The DC system is continuously being defined, and in both humans and mice, subsets of DCs with distinct phenotypes and functions have been described. However, as most studies to date have focused on DCs derived in vitro from cell precursors, the precise role of distinct DC subsets in vivo is not clear. In addition, there are significant differences between the functional phenotypes of DCs in mice and humans. In mice, two independent studies have demonstrated that subcutaneous injection of lymphoid DCs from the spleen pulsed with antigen induces Th1 responses, whereas splenic myeloid DCs induce Th2 responses in draining lymph nodes 6,7. In humans, however, the data concerning lymphoid and myeloid DC subsets is much less clear. Human plasmacytoid cells (lymphoid DCs) were originally shown to differentiate allogeneic T cells to secrete Th2 cytokines, whereas myeloid DCs were shown to induce Th1 cytokine secretion 19. In contrast, a recent report by Cella et al. showed that there is minimal difference in the capacity of myeloid versus lymphoid DCs to differentiate naive Th cells toward either Th1 or Th2 20. Clearly, more studies are needed to clarify the role of DC subsets in vivo.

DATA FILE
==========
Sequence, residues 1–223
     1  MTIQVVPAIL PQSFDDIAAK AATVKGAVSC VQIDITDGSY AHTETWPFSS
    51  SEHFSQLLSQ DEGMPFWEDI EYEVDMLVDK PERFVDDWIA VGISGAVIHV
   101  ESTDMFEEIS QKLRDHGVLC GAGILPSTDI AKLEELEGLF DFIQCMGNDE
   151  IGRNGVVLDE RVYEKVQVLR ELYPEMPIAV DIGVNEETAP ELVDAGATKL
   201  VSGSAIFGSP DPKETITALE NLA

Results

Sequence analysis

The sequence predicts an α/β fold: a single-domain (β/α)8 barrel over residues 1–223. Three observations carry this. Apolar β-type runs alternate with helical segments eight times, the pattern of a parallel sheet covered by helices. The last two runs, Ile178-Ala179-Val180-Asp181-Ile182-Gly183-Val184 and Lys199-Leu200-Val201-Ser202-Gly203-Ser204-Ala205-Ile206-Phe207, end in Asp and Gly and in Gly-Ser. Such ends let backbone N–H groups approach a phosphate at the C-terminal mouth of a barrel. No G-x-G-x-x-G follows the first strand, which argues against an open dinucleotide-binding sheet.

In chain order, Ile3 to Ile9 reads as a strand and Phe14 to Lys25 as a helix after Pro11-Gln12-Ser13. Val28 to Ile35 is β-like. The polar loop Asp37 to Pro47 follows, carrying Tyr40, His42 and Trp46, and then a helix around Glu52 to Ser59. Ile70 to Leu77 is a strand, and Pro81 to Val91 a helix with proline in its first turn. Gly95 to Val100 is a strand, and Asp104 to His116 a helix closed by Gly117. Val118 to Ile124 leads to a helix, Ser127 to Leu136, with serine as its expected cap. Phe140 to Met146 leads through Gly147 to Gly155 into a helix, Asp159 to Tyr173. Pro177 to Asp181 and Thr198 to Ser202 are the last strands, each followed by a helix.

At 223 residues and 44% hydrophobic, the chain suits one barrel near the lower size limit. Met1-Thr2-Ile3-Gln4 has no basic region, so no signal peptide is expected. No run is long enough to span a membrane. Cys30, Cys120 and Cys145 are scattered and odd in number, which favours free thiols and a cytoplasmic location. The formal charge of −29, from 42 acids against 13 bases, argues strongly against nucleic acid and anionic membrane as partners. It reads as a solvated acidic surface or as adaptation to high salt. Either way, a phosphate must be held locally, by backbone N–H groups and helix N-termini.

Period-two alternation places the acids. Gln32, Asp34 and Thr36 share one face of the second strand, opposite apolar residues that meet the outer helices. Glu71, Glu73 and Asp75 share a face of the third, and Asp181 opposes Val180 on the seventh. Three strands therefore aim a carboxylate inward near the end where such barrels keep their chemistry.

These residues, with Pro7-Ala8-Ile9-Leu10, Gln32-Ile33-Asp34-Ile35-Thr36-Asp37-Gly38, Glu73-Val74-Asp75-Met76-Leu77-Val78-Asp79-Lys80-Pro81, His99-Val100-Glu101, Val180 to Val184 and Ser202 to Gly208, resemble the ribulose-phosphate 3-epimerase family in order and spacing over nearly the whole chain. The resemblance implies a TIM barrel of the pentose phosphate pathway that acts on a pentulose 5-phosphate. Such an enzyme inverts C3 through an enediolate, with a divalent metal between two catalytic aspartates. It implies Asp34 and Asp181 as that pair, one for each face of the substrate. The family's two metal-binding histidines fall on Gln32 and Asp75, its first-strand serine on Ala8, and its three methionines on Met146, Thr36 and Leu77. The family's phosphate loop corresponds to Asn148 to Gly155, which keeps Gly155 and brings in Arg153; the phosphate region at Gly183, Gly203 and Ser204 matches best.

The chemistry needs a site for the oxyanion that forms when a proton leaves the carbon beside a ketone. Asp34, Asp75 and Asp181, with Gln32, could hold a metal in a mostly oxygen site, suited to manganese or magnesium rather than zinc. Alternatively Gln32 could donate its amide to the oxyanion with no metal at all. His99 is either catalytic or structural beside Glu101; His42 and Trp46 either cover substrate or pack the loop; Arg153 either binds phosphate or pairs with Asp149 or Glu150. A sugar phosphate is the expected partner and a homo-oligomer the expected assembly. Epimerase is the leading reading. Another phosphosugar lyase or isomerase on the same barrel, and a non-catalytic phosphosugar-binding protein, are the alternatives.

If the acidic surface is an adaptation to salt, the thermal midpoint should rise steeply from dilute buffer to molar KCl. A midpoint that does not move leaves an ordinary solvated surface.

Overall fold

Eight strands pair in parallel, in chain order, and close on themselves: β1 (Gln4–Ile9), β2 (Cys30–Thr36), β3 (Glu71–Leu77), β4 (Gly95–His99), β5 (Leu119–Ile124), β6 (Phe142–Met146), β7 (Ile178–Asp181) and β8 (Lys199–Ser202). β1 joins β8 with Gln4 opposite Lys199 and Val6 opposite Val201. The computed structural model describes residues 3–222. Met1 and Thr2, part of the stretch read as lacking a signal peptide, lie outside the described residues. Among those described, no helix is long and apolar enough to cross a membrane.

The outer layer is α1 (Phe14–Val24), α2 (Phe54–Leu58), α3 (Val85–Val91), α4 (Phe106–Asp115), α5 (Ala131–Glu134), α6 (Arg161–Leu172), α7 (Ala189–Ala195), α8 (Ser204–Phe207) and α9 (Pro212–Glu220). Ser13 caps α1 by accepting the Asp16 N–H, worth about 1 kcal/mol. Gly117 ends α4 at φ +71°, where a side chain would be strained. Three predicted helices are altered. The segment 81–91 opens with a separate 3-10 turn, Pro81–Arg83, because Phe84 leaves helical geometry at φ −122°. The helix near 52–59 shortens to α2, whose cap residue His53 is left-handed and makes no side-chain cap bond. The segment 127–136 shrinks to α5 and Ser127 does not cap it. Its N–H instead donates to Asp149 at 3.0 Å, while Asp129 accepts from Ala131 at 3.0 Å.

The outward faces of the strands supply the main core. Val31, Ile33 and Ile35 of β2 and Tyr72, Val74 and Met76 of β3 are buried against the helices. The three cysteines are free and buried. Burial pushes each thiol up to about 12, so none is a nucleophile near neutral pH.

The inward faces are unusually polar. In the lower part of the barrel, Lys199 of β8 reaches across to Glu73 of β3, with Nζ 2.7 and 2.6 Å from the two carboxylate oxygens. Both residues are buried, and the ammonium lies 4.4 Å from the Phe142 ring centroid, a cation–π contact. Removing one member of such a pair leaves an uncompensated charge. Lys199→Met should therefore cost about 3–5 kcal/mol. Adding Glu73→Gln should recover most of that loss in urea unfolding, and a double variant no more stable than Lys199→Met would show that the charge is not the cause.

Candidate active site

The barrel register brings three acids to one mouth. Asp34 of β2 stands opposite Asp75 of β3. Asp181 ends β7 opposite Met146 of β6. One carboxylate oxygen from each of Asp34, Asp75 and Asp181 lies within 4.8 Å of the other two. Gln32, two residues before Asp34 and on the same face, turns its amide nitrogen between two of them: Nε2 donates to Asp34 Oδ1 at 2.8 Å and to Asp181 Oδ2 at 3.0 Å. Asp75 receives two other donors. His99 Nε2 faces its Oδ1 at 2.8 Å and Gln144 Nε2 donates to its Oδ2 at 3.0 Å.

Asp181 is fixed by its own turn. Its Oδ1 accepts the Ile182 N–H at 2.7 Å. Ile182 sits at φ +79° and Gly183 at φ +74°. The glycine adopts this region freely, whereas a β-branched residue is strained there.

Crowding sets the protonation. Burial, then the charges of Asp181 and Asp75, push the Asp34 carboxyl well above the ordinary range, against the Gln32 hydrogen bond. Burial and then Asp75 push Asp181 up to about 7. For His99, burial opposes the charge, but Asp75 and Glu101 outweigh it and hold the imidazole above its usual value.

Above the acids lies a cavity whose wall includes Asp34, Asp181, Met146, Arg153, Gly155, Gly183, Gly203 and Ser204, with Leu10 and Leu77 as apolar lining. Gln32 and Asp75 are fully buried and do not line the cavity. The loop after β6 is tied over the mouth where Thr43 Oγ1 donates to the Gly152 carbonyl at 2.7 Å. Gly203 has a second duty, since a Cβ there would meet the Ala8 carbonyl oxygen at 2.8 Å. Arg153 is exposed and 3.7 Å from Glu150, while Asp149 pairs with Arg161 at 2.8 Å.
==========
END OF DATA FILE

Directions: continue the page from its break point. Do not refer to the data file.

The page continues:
The distinct localization of the myeloid and lymphoid DCs prompted us to investigate the role of chemokines in recruitment of these cells to their respective areas within the PP. Initially, we examined the expression pattern of the chemokine MIP-3α within the PP by ISH. A remarkable expression of MIP-3α was detected within the FAE, but not within the epithelium overlying the villi. These findings are somewhat inconsistent with a previous report describing the expression of MIP-3α mRNA in the non-FAE, as well as FAE of small intestine and colon in mice 21. This difference may be attributed to differences in the sensitivity of the probes employed for the ISH assays. In the spleen, no signal for MIP-3α mRNA was detected (Iwasaki, A., and B.L. Kelsall, unpublished observation), suggesting that MIP-3α may have a unique role in recruiting cells to mucosal surfaces. The mRNA of the receptor for MIP-3α, CCR6, was expressed in the SED as well as in the B cell follicle and mixed T cell and B cell region bordering the IFR and the follicles in the PP. CCR6 was not found to be highly expressed in the germinal center. In addition to its expression on CD11b+ and DN DCs, CCR6 may also be found on B cells and memory T lymphocytes in the PP, as the equivalent human cells have been shown to express CCR6 mRNA and protein 22. Thus, to address specifically the role of MIP-3α in DC recruitment in vivo, three distinct DC subsets were purified from the PP and spleen. Using semiquantitative RT-PCR analysis of mRNA from these purified DCs, we detected CCR6 mRNA from DCs residing in the SED (CD11b+ and CD11b/CD8α) but not from those present in the IFR (CD8α+). Moreover, correlating with the receptor mRNA expression pattern, the migratory capacity of DCs toward MIP-3α was restricted to the SED (myeloid) DCs and was not seen in the IFR (lymphoid) DCs. In the spleen, however, although a similar pattern of receptor mRNA expression was detected in the corresponding DC subsets, none of the subsets migrated toward MIP-3α. It is unclear why the splenic CD11b+ and the DN DCs of the spleen and PP, while expressing CCR6 mRNA, do not migrate toward MIP-3α. Whether posttranscriptional regulation of the CCR6 gene product or inhibitors of downstream signaling molecules are differentially regulated in the these DCs remains to be addressed. Taken together with the localization data, our data suggest that MIP-3α secreted by the FAE acts to recruit CD11b+ PP DCs to the SED region.